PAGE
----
Sunday, 26 March 2017

Book Review: THE MISSING ONES by Patricia Gibney


The Missing Ones (Detective Lottie Parker, #1)


Author: Patricia Gibney
Publisher:
Bookouture
Read:
March 2017


Synopsis (Goodreads):

The hole they dug was not deep. A white flour bag encased the little body. Three small faces watched from the window, eyes black with terror.

The child in the middle spoke without turning his head. ‘I wonder which one of us will be next?’

When a woman’s body is discovered in a cathedral and hours later a young man is found hanging from a tree outside his home, Detective Lottie Parker is called in to lead the investigation. Both bodies have the same distinctive tattoo clumsily inscribed on their legs. It’s clear the pair are connected, but how?

The trail leads Lottie to St Angela’s, a former children’s home, with a dark connection to her own family history. Suddenly the case just got personal.

As Lottie begins to link the current victims to unsolved murders decades old, two teenage boys go missing. She must close in on the killer before they strike again, but in doing so is she putting her own children in terrifying danger?

Lottie is about to come face to face with a twisted soul who has a very warped idea of justice. 

  
My thoughts:

Three years after losing her husband Adam to cancer, Detective Lottie Parker is still trying to come to terms with her grief and juggle her all-consuming job in the police force with the demands of bringing up three teenagers singlehandedly. Murders are not a common occurrence in the small Irish town of Ragmullin, so when two people are killed in short succession it rocks the community to the core. With her team of detectives, Lottie is at a loss to connect the two deaths, until her enquiries lead her to the gates of St Angela’s, a deserted old mansion that used to serve as a home for wayward teenagers and the unwanted children of unmarried mothers until the 1970’s. The mere look at the old building sends shivers through Lottie, as she is reminded of her own personal connection to the place. As her enquiries lead her further and further into the dark history of the home and the secrets buried deep in Ragmullin’s past, she realises that she is dealing with some powerful people who will not stop at murder to keep the truth hidden. And soon the body count mounts ...

Giving Lottie Parker’s richly drawn history, I was surprised to read that The Missing Ones was Patricia Gibney’s debut novel! With her opening sentences, she instantly mastered that most difficult of all arts – to draw me into the story immediately, and keep me deeply rooted there. The Missing Ones is a very dark book, with sinister themes that haunted me in my sleep, even more so since we know that the abuse described has its origins in true historical facts. I was somewhat shocked and surprised at the timeline of the story, which had its origins in the 1970’s, a time when I had assumed that there would have been more awareness and compassion preventing the hideous acts depicted. Terrifying! Linking the past with greed, corruption and depravity in the present time, the novel skips back and forth through history, exposing the true – and horrific – extent of the crimes Lottie is investigating.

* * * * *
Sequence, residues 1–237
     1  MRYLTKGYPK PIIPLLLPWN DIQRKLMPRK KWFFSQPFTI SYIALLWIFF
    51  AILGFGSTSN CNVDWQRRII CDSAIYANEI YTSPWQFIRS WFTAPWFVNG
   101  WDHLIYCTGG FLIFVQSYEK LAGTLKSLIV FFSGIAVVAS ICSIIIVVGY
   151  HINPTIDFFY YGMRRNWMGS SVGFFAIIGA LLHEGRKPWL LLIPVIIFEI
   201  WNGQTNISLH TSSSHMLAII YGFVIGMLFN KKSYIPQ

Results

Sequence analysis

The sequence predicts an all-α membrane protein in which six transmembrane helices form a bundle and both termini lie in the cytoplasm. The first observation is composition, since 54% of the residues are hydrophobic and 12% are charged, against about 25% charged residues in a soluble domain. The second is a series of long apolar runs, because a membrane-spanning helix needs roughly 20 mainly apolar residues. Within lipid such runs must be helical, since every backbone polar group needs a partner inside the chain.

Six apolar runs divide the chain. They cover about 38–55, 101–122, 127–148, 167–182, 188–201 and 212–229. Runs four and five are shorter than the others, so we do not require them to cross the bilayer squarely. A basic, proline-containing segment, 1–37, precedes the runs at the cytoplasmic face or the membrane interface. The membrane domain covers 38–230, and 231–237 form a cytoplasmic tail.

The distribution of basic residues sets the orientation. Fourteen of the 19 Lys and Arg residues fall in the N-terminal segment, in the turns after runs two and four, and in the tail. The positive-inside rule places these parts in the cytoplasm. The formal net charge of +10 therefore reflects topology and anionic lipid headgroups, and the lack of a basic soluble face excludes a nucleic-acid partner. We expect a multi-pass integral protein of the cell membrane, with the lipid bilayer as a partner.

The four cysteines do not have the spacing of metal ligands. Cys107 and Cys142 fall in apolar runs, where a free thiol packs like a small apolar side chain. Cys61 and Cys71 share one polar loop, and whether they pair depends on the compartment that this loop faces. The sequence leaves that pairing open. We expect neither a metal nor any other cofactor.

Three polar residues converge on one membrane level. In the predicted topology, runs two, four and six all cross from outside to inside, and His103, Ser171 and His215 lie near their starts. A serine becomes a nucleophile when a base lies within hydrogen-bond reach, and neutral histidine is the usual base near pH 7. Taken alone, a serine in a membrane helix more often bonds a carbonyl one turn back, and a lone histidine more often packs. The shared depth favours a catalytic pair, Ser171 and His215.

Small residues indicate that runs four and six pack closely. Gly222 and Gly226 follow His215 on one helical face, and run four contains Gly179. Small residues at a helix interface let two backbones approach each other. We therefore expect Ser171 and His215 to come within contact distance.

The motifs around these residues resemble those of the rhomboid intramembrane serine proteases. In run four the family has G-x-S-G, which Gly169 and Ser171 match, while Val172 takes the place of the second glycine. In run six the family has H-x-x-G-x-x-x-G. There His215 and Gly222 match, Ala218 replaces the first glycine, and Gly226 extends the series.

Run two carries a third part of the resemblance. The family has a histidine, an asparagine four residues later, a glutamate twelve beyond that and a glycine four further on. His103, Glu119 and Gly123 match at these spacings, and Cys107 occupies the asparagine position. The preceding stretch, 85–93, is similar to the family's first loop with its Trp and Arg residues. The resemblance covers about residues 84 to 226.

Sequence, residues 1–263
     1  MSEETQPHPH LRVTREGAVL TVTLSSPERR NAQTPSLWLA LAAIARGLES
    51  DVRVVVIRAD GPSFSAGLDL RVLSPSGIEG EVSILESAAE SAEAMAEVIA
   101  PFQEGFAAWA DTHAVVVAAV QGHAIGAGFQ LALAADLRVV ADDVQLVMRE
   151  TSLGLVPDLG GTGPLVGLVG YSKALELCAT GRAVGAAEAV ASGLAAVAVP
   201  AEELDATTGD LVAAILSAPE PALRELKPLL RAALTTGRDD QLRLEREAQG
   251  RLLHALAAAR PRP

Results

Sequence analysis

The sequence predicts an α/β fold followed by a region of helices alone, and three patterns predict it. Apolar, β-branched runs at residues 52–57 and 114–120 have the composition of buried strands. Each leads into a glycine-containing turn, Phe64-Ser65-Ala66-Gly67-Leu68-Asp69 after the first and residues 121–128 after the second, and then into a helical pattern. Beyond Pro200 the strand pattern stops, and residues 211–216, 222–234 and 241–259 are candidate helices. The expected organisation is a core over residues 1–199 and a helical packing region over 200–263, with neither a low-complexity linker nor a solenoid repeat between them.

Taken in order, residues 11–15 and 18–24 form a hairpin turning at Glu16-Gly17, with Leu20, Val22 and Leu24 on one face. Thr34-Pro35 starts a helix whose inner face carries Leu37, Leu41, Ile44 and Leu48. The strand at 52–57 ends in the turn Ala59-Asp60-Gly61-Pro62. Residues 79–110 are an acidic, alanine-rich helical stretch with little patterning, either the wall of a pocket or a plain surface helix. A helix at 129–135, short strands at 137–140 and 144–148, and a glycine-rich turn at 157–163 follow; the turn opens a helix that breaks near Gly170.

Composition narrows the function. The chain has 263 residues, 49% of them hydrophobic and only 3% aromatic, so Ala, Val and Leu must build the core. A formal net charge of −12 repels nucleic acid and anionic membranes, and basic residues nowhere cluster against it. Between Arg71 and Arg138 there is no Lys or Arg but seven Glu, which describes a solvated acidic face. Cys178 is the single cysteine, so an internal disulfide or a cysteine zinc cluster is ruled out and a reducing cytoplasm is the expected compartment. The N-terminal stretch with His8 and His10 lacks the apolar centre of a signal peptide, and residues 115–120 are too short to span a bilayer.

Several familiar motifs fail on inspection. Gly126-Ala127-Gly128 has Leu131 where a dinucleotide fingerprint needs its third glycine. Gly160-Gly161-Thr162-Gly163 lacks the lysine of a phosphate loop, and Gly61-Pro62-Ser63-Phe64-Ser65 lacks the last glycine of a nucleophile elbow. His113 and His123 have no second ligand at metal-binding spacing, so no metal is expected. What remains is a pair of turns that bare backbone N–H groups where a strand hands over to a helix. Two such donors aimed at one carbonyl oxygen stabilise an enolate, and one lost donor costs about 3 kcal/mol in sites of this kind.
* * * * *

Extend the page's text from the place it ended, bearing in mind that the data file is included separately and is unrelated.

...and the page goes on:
Whilst I haven’t quite yet welcomed Lottie into the fold of my personal favourite fictional female detectives, such as Maeve Kerrigan (Jane Casey), Lacey Flint (Sharon Bolton), Fiona Griffiths (Harry Bingham) and ErikaFoster (Robert Bryndza), she certainly has the potential to be included on that list. Most women trying to juggle a demanding career with family will be able to relate to her struggles, and the guilt she feels on a daily basis as she is constantly torn between the two areas of her life. And as much as she is trying to keep work separate from family, the more impossible it becomes, until she finds that the nature of her work has put one of her own in danger. There are also the tentative hints at office politics involving Lottie and her colleagues, which I am hoping will further play out in future books and make this a very addictive series with many characters we will want to revisit.

Although this was a dark and disturbing read, I enjoyed the slow methodical unravelling of the clues leading to the story’s chilling finale. At times, the sheer amount of different characters was a bit overwhelming, and the book was perhaps just a tad too long, but these are minor quibbles. I loved the cold, damp and grey Irish winter setting, which was beautifully evoked on every page, and added its own chilling atmosphere to the story.

Gibney definitely is a writer to watch and an exciting new voice in crime fiction. I look forward to seeing Lottie Parker featuring in many more novels to come.

Thank you to Netgalley and the publisher for providing me with a free electronic copy of this novel in exchange for an honest review. 


Quotes:

The life in Ragmullin appeared to have died with the economy.

To get to high places, some people have to bark their way through a dog eat dog world. It erodes their humanity.

How did everyone else get the conscientious brainy children while hers lounged around listening to music or twiddling their thumbs on a PlayStation?




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